iOS app Android app More

Featuring fresh takes and real-time analysis from HuffPost's signature lineup of contributors
Jenny Hourihan

GET UPDATES FROM Jenny Hourihan
 

Seeing a Brighter Future for the World's Poor

Posted: 10/07/2013 3:58 pm

Imagine a world without sight. A child never seeing his or her mother's face clearly. Never seeing the sunset. Having to constantly rely on others to do simple, everyday tasks. This is the reality for 285 million people around the world who are visually impaired. And it is estimated that 90% of them live in the developing world, where poverty and limited access to health care only exacerbate the issue.

The good news is that approximately 80% of all visual impairment can be avoided or cured with access to quality eye care. However, in most developing countries, access to this care is extremely limited, if present at all.

The economic consequences and social ramifications of visual impairment in the developing world are astounding. It is difficult for visually impaired people to work, and the unemployment rate among the blind has been estimated to be as high as 90%. Visually impaired people also can require assistance with everyday tasks, which often means a family member must stop working or a child must stay out of school to take care of someone who is blind.

As president and CEO of ORBIS, a nonprofit organization that works in developing countries to prevent and treat blindness, I have unfortunately seen firsthand the reality of these statistics. I have traveled to almost every country where ORBIS has long-term work, and it is clear that poverty and blindness are intimately linked. Impoverished people are more likely to become blind due to the lack of access to health care, proper sanitation, clean water and adequate nutrition. They are more susceptible to eye infections and diseases, and many lack awareness and education about eye health.

Earlier this year I traveled to Nepal, where I witnessed some of the consequences of inadequate care. While visiting one of our partner hospitals, I met a family of sharecroppers with six children, several of whom were born with cataracts, a clouding of the eye's normally transparent lens. Cataract is the leading cause of blindness worldwide. Their now 20-year-old son, Rajendra, had been diagnosed with an eye condition as an infant, but the family did not initially seek treatment due to a lack of resources. Years later, as his condition worsened, Rajendra was told he needed surgery to preserve his remaining vision, but the family was nervous and did not return for treatment. His vision has since deteriorated to an irreversible state and cannot be restored, leaving him permanently blind.

Blindness only exacerbates poverty, given the high cost of treatment and limited opportunities for employment, thereby putting further strain on families like Rajendra's. In developing countries, impaired vision can create numerous challenges that we don't face here in more developed countries.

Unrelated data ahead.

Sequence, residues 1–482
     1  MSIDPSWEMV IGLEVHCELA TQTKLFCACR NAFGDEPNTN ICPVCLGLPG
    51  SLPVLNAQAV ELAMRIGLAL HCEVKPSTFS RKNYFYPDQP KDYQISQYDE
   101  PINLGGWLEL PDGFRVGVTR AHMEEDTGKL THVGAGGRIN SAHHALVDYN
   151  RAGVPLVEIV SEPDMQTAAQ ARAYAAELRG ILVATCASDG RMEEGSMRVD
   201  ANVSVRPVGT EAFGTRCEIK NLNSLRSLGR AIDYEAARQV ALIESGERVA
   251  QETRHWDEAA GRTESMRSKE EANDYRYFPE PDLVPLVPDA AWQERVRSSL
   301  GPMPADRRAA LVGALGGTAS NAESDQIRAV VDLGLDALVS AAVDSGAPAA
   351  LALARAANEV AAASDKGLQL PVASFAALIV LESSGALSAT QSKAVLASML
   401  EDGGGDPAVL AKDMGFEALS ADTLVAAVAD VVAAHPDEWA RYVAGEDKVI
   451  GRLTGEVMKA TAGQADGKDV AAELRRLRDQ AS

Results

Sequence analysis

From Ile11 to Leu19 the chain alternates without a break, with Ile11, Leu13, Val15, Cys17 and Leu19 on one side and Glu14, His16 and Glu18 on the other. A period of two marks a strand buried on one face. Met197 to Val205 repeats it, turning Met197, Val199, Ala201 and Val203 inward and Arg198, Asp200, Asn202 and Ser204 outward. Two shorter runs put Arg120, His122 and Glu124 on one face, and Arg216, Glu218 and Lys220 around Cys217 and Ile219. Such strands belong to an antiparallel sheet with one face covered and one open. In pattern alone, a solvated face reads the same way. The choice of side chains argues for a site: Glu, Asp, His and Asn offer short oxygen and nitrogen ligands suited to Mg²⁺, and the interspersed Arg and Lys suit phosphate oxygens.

However, through our work at ORBIS, I have also seen the profound impact that access to quality eye care can have on individuals, families and communities. A great example is cataract. The World Health Organization recognizes that cataract surgery is one of the most cost-effective treatments in developing countries. A study in Kenya, Bangladesh and the Philippines, sponsored by ORBIS and partners, found that people who received cataract surgery not only had improved vision, but also had better general health, spent more time on productive activities and showed a significant increase in per capita household expenditure following surgery. Another study found that those who receive surgery can increase economic productivity by up to 1,500% of the cost of surgery during the first post-operative year alone. You can't find a better return on investment than that.

Again recalling my recent visit with Rajendra's family in Nepal, his younger sister, Sharmila, age 17, and brother Naveen, age 10, also began experiencing problems with their vision. After hearing a radio announcement about a community eye screening, Sharmila convinced her parents to take them to seek examination and treatment. Through ORBIS and our partners in Nepal, Sharmila and Naveen both had successful surgeries, and their vision has been restored. They are now able to return to school and will no longer be teased by their classmates for not being able to see. The stark contrast between the siblings, not only in their vision, but also the future opportunities each will have, brought home for me how life-changing good vision really is - something so many of us here in the U.S. take for granted.

In stories like this, it is clear that progress to improve the vicious cycle of poverty rests on advances in health care. That is why we at ORBIS are committed to investing in resources to provide enduring capabilities locally. Our work focuses on preventing and treating blindness through hands-on training of local eye care professionals and strengthening local hospitals and institutions' long-term abilities to provide ongoing care.

Continued collaboration is key to making progress to reverse the impact of impaired vision. This World Sight Day, on October 10, I urge you to reflect on the value of sight and learn how you can help make a difference in the fight against avoidable blindness.

To learn more about ORBIS and World Sight Day, click here.

infographic

 
FOLLOW IMPACT